This was a busy and exciting year for Chippewa Valley native Yohuna (Johanne Swanson by day). It marked the release of her excellent debut Patientness, a nine track album of ethereal indie pop songs. The album–which you can listen to in full via the Bandcamp embed at the bottom of the page–has gone on to receive lots of positive attention and national acclaim. It’s certainly exciting to see an artist with major roots in the Eau Claire music scene go on to garner such a wide audience and so much meaningful, positive buzz. Blugold Radio was lucky enough to get to catch up with Yohuna for a retrospective Q&A about her 2016.
It’s been a big year for you! Lots of great press from the likes of Stereogum, NPR, Pitchfork, and most recently your song “The Moon Hangs In The Sky Like Nothing Hangs In The Sky” was selected by none other than Rolling Stone as one of 2016’s top 50 tracks! …what are the thoughts or feelings that come to mind for you as you reflect back on 2016 and all that’s happened for you artistically?
When I think about 2016 it still comes back to the record in the first place. One of the last nights up in Montreal recording last winter Adelyn Strei (from EC band Adelyn Rose) and I stayed up late and had this heart-to-heart where we both expressed some variation of “whatever happens with this record, if people listen or not, like it or not, whatever, I’m proud of the work we did here this week.” The whole experience really made me grow as a person first, musician second. The press is flattering and I’m grateful people are listening, but I still just feel the most excited about finally putting an album of songs I’ve been writing for so long out…especially with such a supportive team of friends at Orchid Tapes.
You’re politically active and outspoken for progressive causes. As such, has it felt like a juxtaposition to have such an exciting year artistically while so much of the last 12 months have been so full of upheaval and tension nationally?
Oh yeah. I’ve been feeling a lot of “what’s the point?” since the election. I’ve been talking to a lot of artists that feel that way too. I was actually canvassing for Clinton/Feingold in Wisconsin after my tour ended there… And then the recent tragedy in Oakland hit all too close to home. It was devastating. It’s not that I’m politically active or outspoken, it’s that the people I love are queer, they’re brown, they’re mentally ill, they’re poor, and they’ve been completely failed over and over again. Artists have worked and lived in places that aren’t safe because they can’t afford space that is safer for a very, very long time. The crackdown on DIY spaces following what happened in Oakland was a shameful and misguided reaction. This is a wakeup call. We need our local governments to make space for and support – and support means funding – the arts. It’s the difference between people living and dying.
“To anyone feeling discouraged now: I know it seems really stupid and selfish to be making music and going to shows after reading the news every day. But please don’t stop. We need you! Making art is an expression of freedom and adventure that challenges and supports growth in society. Hate, anti-intellectualism, xenophobia, scarcity, all those things win when we stop making art.”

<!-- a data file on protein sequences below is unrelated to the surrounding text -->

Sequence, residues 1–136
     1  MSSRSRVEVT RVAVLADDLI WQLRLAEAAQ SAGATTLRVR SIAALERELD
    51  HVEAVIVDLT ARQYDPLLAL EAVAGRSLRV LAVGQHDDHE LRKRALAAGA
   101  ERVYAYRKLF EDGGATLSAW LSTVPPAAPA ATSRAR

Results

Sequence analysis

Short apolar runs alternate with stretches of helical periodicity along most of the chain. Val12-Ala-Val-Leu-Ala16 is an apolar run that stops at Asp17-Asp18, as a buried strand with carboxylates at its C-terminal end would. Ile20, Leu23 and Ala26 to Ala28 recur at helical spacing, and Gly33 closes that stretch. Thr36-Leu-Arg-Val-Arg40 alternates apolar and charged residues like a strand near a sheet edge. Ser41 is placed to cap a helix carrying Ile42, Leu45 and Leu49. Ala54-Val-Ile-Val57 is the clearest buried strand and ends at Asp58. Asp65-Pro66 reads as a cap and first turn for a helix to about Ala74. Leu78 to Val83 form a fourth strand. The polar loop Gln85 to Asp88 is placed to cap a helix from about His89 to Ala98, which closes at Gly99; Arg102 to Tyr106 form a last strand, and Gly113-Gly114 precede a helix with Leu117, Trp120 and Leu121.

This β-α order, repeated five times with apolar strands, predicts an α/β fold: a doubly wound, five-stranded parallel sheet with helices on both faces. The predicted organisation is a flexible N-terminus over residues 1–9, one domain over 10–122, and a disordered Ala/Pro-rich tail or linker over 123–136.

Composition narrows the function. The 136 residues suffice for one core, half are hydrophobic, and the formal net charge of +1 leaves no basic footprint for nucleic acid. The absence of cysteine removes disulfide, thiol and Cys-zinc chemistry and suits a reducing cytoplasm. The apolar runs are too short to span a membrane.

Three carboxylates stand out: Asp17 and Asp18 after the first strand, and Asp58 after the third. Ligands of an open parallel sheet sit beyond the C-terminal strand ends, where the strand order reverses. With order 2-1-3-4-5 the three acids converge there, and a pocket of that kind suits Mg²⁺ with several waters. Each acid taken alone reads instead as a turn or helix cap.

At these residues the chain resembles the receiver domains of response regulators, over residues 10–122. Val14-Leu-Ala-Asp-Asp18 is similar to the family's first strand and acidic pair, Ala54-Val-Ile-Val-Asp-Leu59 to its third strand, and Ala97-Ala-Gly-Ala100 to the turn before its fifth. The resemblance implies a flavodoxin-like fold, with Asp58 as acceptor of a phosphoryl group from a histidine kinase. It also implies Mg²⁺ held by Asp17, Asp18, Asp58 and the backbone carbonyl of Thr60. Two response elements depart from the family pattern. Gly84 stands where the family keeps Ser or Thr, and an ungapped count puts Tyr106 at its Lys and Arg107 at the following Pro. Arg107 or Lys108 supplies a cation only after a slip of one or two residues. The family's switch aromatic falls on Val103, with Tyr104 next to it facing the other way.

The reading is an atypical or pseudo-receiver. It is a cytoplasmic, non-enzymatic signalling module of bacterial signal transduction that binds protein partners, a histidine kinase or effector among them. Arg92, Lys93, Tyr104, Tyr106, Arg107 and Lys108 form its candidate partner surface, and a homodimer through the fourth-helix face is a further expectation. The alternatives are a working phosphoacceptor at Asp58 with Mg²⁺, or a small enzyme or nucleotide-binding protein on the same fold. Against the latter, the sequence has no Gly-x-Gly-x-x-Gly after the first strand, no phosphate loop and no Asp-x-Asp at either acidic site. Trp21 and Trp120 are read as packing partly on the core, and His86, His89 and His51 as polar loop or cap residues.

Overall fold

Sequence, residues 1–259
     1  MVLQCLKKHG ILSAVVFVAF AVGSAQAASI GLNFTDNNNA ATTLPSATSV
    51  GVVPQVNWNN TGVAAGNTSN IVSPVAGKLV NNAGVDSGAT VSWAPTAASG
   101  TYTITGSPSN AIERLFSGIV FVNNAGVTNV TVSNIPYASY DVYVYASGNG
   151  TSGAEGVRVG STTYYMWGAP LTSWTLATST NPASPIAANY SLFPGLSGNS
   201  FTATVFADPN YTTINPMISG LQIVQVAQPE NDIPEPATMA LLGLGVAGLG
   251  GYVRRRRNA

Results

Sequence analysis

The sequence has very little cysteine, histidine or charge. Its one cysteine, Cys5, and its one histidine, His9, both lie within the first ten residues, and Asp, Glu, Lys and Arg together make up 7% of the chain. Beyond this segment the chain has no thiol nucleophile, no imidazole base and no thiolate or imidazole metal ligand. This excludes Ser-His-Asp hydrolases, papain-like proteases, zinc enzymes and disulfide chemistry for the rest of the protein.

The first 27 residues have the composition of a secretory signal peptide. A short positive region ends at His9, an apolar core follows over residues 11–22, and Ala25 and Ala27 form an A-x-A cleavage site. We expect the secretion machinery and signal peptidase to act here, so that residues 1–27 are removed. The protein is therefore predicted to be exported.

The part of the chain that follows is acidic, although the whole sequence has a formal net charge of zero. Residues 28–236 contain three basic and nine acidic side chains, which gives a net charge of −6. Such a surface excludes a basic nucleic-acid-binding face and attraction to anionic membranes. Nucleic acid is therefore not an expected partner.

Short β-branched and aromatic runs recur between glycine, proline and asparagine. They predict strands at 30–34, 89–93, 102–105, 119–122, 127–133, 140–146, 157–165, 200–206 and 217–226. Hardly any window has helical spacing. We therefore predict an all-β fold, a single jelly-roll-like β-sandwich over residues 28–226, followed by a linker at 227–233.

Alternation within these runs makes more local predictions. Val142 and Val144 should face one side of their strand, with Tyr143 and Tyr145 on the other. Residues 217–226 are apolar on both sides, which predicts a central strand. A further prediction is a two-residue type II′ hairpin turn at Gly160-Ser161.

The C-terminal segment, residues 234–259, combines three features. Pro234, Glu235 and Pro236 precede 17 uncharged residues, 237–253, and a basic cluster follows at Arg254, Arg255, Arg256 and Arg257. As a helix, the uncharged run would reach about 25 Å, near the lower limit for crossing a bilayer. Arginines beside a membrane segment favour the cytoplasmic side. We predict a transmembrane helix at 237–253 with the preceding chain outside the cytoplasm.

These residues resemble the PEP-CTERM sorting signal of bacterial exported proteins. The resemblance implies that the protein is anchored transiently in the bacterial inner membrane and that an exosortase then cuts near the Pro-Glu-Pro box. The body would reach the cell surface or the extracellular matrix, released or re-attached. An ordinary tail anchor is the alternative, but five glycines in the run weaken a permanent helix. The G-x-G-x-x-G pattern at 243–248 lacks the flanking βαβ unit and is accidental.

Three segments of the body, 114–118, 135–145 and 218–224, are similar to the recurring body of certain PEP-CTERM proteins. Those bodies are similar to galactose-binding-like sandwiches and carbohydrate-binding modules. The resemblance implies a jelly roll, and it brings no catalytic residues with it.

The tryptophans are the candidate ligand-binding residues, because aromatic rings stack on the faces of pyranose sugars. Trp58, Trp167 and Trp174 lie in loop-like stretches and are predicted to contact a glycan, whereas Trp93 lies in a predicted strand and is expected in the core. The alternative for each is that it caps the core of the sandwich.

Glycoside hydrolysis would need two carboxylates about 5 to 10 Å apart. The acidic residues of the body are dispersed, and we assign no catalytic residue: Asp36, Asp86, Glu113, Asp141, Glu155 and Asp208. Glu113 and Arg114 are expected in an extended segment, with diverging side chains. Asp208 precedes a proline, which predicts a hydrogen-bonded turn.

One thing folks in Eau Claire know very well is that music-writers sure love having a narrative around albums to talk about—we’ve been hearing a lot about a certain cabin for many years now. In regards to your debut much of what’s been written about “Patientness” talks a lot about your moving around from different locales both in the US and abroad. Pitchfork even referred to you as a “nomadic singer-songwriter” and your music as “wandering indie songs”. Do you feel this accurately represents you and speaks to what informed the record?
I identify with that even though I’ve still lived in Chippewa or Eau Claire for most of my life. I graduated from high school in Chippewa in 2009 and started immediately at UWEC. I did National Student Exchange (highly recommended program for anyone at UWEC reading) for the 2010-2011 academic year in Albuquerque followed by a summer internship in LA, then went back to EC to finish school in 2013. After graduating I went to Boston to save some money to travel, then backpacked in Europe before settling in Berlin for about two years. Now I’ve been in Brooklyn for over a year, I came to do an artist residency at The Silent Barn. I felt really displaced when I moved back to the US, so a lot of my time in NY was about finding more stability and building a home for myself. My writing surrounds that feeling of loss and disorientation, longing for the calmness that comes with security.
What’re your plans/hopes for 2017?
I’m really psyched to write another album on a personal level. I’ll be staying in NY, hopefully doing a little more touring, but also I’m really hopeful to nest and get even more involved in Brooklyn.
What are YOUR favorite songs of 2016?
…those were the songs I listened to the most this year. That Florist album is perfect. I was in tears the first time I listened the whole way through! Track 5 – “Thank You” is what got me… but you have to listen to it from the start!
***All photos and album art by Brian Vu, used with permission***